Friday, August 31, 2018

Dr. Quinton Morris: Key To Change: We've got big plans this Fall, and you're invited!

Join us at our annual Open House to learn more about violin and viola lessons, scholarship opportunities, and professional development with Key to Change. Plus, get to know our board members and our Executive Director, Dr. Quinton Morris. This event is free and open to the public.

Click here to learn more!

Tuesday, September 4, 7 pm
Luther's Table, Renton, WA

Dr. Quinton Morris with student

Eric Conway: Morgan Choir is featured in NPR segment of "Lift Every Voice and Sing"

Morgan State University Choir

Eric Conway writes:

Hello all,

Last April, I was approached by a reporter from National Public Radio (NPR) who told me that they were going to present a segment on the anthem “Lift Every Voice and Sing.”  They had heard the anthem was one of the Morgan State University choir's signature pieces that opened up virtually all of our concerts.  They came to our last performance of the season on April 22, 2018, at Oxford Presbyterian in Philadelphia to tape our performance to be heard in their future broadcast.

On August 16, 2018, the segment finally aired on their Morning Edition program.  See below links to the seven minute soundfile of the broadcast as well as an online article which gives great historical context about our Negro national anthem.  Do not ignore the many links in the NPR article with great and historic performances of this anthem over the years.


Link to NPR article
We are what we repeatedly do. Excellence, then, is not an act, but a habit. - Aristotle
Eric Conway, D.M.A.
Fine and Performing Arts Department, Chair
Morgan State University

Eric Conway: Morgan State U. choir sang alongside Aretha Franklin – The Spokesman

Aretha Franklin

Eric Conway writes:

Hello everyone, 

On the day when Aretha Franklin will be celebrated during her homegoing service in Detroit, the Morgan newspaper The Spokesman has posted an article reflecting the times when members of the Morgan State University choir sang with her in performance. See link below to the Morgan newspaper article:

Thursday, August 30, 2018

Sinfo-Nia Youth Orchestra: Free Class at 9/8/18 Open House

Join Sinfo-Nia Youth Orchestra for Open House Tribute to Aretha Franklin!

String students of all ages and expertise are invited to join us for a free class to enjoy reading and playing a few classics of Aretha Franklin, our dearly departed Queen of Soul. This will be our first of many tributes to her legacy during this 2018-19 School Year Session.  Enjoy a great morning of fun music, door prizes and refreshments.  Remember to bring your instrument to participate. 
***Don't miss out on Early Bird Tuition Discount.   
Deadline is Saturday, October 6, 2018* **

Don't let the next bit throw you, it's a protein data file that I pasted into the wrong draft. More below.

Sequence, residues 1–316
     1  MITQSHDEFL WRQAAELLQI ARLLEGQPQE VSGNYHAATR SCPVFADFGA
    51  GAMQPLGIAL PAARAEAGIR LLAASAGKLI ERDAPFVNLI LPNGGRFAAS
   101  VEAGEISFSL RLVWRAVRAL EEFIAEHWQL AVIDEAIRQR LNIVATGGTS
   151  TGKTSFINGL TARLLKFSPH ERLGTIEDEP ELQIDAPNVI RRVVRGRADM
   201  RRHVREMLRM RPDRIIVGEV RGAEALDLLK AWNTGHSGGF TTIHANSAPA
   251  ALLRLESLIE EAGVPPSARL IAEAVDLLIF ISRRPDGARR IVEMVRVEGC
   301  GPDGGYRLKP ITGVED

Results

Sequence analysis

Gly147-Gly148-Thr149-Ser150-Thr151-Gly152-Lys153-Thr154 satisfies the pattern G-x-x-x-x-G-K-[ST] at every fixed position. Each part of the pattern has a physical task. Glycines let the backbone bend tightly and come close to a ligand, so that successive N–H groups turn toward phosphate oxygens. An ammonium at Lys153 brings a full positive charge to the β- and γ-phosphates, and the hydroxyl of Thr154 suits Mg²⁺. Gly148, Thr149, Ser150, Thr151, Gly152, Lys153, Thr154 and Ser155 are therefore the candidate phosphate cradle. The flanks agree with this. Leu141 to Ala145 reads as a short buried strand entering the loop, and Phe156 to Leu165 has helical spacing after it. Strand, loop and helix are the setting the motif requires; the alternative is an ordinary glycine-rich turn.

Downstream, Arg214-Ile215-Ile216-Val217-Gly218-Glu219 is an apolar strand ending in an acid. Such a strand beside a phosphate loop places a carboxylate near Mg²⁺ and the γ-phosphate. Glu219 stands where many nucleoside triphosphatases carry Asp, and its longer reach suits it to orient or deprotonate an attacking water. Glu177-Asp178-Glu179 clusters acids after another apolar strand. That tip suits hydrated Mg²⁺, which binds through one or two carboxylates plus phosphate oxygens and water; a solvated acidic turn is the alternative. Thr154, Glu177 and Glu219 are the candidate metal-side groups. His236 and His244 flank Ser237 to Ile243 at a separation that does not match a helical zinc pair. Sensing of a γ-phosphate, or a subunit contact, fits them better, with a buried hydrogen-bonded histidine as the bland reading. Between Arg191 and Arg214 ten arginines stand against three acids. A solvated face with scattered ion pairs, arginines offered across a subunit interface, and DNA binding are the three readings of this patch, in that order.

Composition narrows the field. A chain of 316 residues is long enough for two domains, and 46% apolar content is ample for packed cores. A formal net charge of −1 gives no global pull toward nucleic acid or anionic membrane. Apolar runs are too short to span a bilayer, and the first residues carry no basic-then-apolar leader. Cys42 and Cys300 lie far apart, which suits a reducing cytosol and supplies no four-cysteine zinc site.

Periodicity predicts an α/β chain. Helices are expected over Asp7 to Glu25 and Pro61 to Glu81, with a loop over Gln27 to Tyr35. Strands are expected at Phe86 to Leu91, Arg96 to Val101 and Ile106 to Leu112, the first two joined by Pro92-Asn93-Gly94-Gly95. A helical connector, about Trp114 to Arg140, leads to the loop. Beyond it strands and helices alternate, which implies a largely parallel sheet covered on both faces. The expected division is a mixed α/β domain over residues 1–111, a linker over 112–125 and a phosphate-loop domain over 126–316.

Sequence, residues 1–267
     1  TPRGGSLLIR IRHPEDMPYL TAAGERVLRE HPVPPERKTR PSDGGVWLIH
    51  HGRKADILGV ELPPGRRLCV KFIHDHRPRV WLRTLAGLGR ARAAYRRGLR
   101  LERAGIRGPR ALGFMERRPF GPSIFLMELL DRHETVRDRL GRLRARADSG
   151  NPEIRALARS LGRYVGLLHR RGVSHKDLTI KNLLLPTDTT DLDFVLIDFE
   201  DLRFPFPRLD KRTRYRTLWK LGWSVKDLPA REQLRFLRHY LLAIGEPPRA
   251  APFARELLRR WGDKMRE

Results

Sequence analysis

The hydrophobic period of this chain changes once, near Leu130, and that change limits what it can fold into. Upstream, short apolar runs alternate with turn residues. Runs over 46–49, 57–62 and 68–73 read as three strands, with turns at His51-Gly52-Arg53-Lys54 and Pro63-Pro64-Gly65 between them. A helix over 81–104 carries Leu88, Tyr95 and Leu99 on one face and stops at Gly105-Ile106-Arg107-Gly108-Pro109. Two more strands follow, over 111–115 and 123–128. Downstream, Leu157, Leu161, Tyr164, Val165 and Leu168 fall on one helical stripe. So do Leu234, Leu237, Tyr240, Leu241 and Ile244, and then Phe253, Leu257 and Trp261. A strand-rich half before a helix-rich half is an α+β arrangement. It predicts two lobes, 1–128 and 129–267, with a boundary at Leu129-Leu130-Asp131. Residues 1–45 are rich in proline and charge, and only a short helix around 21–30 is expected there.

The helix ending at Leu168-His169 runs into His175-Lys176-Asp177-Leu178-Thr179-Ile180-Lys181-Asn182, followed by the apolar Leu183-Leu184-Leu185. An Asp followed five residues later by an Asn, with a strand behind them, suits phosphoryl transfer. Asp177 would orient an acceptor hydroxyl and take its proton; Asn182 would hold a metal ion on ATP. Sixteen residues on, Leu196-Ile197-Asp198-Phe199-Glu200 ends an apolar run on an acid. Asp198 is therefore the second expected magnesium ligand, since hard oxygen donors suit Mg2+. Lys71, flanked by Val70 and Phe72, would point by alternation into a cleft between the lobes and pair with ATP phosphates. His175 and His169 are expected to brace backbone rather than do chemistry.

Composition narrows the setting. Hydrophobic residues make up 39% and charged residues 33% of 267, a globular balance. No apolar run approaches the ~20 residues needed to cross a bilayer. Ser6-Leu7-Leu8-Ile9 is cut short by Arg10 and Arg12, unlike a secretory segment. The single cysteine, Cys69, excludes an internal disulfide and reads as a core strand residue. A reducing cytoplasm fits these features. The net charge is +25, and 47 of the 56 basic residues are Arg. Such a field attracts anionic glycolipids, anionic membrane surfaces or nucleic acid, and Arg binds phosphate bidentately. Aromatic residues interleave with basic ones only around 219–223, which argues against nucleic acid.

For more information:,, 404.328.0840

David E. Robinson III writes:
Greetings Musicians and Guests,

Please come out to this exciting Aretha Franklin Tribute at Sinfo-Nia Youth Orchestra's "Open House - Free Class" on Saturday, September 8, 2018, 9 AM to 12 Noon at the First Congregational Church Commons located at 125 Ellis St., Atlanta, GA 30303.  Bring your instruments.  All music is written for strings.  However, if any wind players would like to come, please let me know three days in advance so that I can create your part.  Please forward this to string orchestra teachers that you know so that they can forward it to their students.  

David E. Robinson III

Sergio Mims: Carnegie Hall: Audra McDonald in Opening Night Gala Wednesday, Oct. 3, 7 PM

Audra McDonald
(Allison Michael)

Sergio A. Mims forwards this release:

Carnegie Hall Presents

This is a Carnegie Hall Opening Night you will never forget. A pair of vocal superstars—Renée Fleming and Audra McDonald—join Perspectives artist Michael Tilson Thomas and the San Francisco Symphony for an evening of favorites from opera and music theater. To add to the festive occasion, there's exhilarating orchestral music by Gershwin and Liszt's whirling waltz. 

Lee Koonce: University of Rochester News: Dr. Paul Burgett Has Died at Age 72

Dr. Paul Burgett

Lee Koonce of Gateways Music Festival writes:

Bill, unsure if you’ve heard of this tragic news. In addition to being the most extraordinary board chairman of the Gateways Music Festival, Paul was a noted authority on the music of people of African descent.

Best wishes, 


University of Rochester News

Paul Burgett ’68E, ’76E (PhD), a musician, scholar, teacher, and University leader for more than half a century, is being remembered for his longstanding commitment to the University community. University flags are lowered today in memory of Burgett, who died Thursday at age 72. The community is invited to share condolences or other messages on a memorial website. 

Wednesday, August 29, 2018

Chicago Sinfonietta: Images of Diversity: Sat., Sept. 22, 8 PM Naperville & Mon. Sept. 24, 7:30 PM Chicago


Secure VIP seats for ID: Images of Diversity and join us for the event for 
$95 $85
($112 value).

"Prelude" Only Tickets $50 $40

September 22, 2018  8:00 PM
Wentz Concert Hall

September 24, 2018 7:30 PM
Symphony Center


What does it mean to "be American?" Join us as we explore the stories of the communities that make up the fabric of our society. Come and embark on this epic journey into identity and the evolving American Dream.